††††††††††† The third issue is whether the district court clearly erred in its finding of the portion of Rogerís 401(k) plan that represents his property award from the dissolution judgment and the portion that can be considered income for maintenance purposes.† Roger first argues that his expertís determination should have been used instead of the estimate made by the expert retained by Janis.† After reviewing the record and the different calculation methodologies, we conclude the district court did not clearly err in using Janisís expertís estimate of Rogerís postdecree income from his 401(k).

††††††††††† Roger next argues that the district court should have considered only half of the postdecree income from the 401(k) plan as Rogerís income because half belongs to his new wife.† In support of this proposition, Roger cites Minn. Stat. ß 518.58, subd. 1 (2004), the provision authorizing the district court to divide marital property.† Nothing in this provision indicates that a new spouse has an interest in property that must be considered when determining the obligorís income for purposes of maintenance for the former spouse.† See id.† Also, as Janis notes, Rogerís interest in his new spouseís 401(k) plan was not considered, as it should be under his theory.† The district courtís failure to consider Rogerís current spouseís interest in his 401(k) was not clear error.†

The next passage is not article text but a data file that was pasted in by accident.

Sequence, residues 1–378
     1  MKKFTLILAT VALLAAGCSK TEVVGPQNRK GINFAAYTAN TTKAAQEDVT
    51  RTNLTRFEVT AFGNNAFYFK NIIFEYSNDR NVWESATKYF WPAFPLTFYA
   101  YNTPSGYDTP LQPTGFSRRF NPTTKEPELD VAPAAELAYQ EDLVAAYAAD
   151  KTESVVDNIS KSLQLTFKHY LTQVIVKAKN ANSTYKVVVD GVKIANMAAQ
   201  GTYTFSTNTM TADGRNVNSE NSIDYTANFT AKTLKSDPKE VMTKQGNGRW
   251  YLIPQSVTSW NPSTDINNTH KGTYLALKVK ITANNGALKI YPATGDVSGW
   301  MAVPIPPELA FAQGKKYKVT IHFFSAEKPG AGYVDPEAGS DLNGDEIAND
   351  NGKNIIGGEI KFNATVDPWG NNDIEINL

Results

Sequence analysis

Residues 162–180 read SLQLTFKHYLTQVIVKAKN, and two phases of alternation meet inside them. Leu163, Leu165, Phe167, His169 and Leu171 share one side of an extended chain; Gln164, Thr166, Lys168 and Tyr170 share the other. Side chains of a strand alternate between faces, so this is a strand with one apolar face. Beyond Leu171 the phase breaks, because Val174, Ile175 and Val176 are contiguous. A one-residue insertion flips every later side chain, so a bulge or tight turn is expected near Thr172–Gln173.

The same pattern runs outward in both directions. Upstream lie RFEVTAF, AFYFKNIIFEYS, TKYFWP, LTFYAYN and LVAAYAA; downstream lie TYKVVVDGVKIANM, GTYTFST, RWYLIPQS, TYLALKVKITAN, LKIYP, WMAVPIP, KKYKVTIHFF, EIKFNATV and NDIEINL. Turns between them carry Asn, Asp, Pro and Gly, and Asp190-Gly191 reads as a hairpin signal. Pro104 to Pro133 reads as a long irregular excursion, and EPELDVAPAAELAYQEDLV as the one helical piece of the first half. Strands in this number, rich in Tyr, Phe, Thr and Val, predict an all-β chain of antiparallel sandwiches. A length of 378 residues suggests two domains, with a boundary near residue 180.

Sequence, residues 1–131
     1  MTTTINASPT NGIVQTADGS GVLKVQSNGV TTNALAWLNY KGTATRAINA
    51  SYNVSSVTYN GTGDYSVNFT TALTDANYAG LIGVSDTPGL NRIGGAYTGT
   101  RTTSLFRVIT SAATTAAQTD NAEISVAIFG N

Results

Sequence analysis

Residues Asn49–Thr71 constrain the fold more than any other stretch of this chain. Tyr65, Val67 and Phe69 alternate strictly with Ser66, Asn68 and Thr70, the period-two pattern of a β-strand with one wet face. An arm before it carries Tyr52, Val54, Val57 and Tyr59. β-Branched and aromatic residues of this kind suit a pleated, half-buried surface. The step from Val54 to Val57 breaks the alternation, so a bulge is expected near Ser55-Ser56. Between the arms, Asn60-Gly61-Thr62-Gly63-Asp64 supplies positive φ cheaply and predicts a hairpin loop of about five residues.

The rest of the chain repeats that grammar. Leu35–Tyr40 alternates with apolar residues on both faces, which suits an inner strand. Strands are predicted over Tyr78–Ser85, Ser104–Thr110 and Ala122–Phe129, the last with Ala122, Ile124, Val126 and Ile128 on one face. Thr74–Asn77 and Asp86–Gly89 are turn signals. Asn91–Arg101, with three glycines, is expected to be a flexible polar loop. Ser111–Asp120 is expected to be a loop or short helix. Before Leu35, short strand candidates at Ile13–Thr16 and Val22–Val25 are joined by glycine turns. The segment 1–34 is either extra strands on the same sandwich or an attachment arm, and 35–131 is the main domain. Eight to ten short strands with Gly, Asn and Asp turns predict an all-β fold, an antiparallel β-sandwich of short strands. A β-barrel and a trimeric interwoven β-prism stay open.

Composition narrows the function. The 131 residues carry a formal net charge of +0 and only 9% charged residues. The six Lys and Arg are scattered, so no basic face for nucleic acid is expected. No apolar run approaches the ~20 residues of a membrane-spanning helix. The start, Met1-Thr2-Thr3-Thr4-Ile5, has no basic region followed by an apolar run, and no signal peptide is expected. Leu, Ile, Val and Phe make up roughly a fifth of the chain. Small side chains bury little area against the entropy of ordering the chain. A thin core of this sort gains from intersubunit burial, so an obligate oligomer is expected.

††††††††††† Roger finally argues that the district court should not have amortized the withdrawals based on a total distribution of principal, a 5% rate of return, and the age of 100 as a date of death and of final payment.† Instead, Roger argues that the district court should have considered only a flat 5% return as income each year.† In Zagar v. Zagar, this court held that an obligor should not be required to sell his home in order to pay maintenance.† 396 N.W.2d 98, 101 (Minn. App. 1986) (superseded by statute on other grounds).† But it is illogical to apply the general prohibition against liquidating assets in determining maintenance payments based on a retirement account. †Most retirees recognize that their retirement income will be based on principal along with income.† Annuities commonly use this approach.† Because it is not improper to consider the distribution of the principal of a retirement account in an obligorís income and because here the district court applied this same formula to both partiesí nonmarital retirement assets, the district court did not clearly err in its finding of the income Roger will receive from his 401(k) plan.†

IV.

††††††††††† The fourth issue is whether the district court clearly erred in its finding of Janisís income by considering Janisís income as if she were retired, although she was not retired at the time.† Minn. Stat. ß 518.64, subd. 2(c), directs the district court to consider relevant factors ďthat exist at the time of the motion.Ē† This rule is fundamental in evaluating fair and reasonable maintenance.† In Carrick v. Carrick, this court held that the district court erred by considering the maintenance payorís future income rather than his income at the time of the motion.† 560 N.W.2d 407, 412 (Minn. App. 1997); see also Schreck v. Schreck, 445 N.W.2d 861, 863 (Minn. App. 1989) (noting that speculation as to future events is inappropriate in the context of maintenance), review denied (Minn. Nov. 15, 1989).†